Apocalypse Station is a spin-off of Waste Space. It takes place on one station, where Waste Space takes place all over the galaxy. If you are familiar with Apocalypse World, you will know the tone and focus of the game. Think of Apocalypse Station as the Apocalypse World version of Waste Space.
Waste Space is a game set in the far future, where the human race has taken refuge in large, derelict space stations around the galaxy. Earth is but a distant memory; humankind lives on the scraps and crumbs left behind by a once great civilization that has crumbled to dust centuries ago. People make do with the debris and spare parts they can find; remnants of when humankind lived in a technological paradise. Our Golden Age is over; all that’s left is bits and pieces.
The stations would be isolated from each other if it wasn’t for one communications protocol that is still functional, simply called the Network. It is not perfect; as with everything else in the Waste Space, technology is a luxury. But when it works, it enables the stations to keep in contact and work together to better the lives of their inhabitants.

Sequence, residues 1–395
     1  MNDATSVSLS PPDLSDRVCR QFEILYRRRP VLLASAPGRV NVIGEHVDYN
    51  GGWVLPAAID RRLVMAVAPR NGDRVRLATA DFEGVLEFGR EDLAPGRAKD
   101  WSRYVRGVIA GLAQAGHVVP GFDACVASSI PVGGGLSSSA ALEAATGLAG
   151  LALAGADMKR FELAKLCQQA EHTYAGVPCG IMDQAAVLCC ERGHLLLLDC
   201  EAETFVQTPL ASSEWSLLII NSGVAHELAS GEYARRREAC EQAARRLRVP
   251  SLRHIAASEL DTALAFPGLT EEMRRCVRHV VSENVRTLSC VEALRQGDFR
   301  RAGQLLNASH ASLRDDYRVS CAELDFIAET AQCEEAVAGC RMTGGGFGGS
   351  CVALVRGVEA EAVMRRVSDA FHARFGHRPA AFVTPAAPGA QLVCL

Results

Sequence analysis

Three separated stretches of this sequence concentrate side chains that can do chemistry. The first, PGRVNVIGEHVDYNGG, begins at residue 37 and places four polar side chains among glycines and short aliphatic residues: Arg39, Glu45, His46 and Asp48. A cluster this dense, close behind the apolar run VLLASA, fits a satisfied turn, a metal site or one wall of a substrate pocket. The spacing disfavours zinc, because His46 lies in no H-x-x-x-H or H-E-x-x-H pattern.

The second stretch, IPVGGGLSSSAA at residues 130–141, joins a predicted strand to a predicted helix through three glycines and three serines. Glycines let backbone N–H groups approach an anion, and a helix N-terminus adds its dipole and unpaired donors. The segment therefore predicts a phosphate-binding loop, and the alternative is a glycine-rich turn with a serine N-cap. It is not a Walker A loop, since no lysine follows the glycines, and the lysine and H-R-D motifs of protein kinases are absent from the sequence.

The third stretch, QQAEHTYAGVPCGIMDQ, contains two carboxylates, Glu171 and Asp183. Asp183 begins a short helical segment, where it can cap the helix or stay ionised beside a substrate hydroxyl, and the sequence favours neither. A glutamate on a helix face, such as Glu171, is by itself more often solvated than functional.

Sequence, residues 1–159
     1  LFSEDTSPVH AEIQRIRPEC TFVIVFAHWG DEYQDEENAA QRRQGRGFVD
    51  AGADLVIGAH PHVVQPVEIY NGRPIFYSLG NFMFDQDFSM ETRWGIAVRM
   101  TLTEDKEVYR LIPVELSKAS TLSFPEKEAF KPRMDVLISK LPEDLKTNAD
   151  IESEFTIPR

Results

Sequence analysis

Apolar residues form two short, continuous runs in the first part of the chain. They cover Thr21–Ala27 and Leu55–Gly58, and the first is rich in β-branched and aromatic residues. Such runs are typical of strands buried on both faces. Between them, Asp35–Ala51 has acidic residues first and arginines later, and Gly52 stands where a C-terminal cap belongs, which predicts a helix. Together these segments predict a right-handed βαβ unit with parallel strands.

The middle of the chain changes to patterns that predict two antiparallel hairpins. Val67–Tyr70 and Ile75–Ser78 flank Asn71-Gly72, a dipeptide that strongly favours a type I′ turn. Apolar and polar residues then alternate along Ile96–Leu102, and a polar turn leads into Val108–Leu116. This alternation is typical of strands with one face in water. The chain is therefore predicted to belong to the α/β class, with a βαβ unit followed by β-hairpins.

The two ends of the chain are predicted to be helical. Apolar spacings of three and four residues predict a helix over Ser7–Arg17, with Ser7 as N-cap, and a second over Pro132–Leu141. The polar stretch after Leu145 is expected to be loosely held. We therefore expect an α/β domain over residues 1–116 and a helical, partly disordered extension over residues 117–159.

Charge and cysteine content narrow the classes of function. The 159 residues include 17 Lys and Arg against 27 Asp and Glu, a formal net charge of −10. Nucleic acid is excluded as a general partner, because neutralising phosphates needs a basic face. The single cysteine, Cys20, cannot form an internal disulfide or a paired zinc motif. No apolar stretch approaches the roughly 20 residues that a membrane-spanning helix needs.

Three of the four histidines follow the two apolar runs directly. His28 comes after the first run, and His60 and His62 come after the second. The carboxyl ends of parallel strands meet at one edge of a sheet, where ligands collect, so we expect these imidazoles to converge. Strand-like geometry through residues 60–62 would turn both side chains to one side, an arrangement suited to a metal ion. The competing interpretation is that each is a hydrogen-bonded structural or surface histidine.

Living in space stations has a peculiar effect on people. They tend to get weird and unpredictable. Sometimes, the inhabitants of a station decide to cut the connection to the Network because of social issues; maybe they have started a fanatic cult. Maybe some power-hungry maniac has taken control of the station somehow. Maybe the technicians who took care of Network maintenance have all been killed off under mysterious circumstances.
A lot can go wrong on a space station, which means that the rescue team needs to have a wide range of skills. Sometimes, what’s needed is smarts and knowledge, sometimes the situation calls for social intervention . And sometimes, inhabitants need to be taken out of the equation the hard way.
Players are survivors on a huge space station that has gone to hell. Tech is rare, but there are supplies like water and food, but they are scarce. Rage, sweat, despair and hunger sets the tone for everyday life on the station.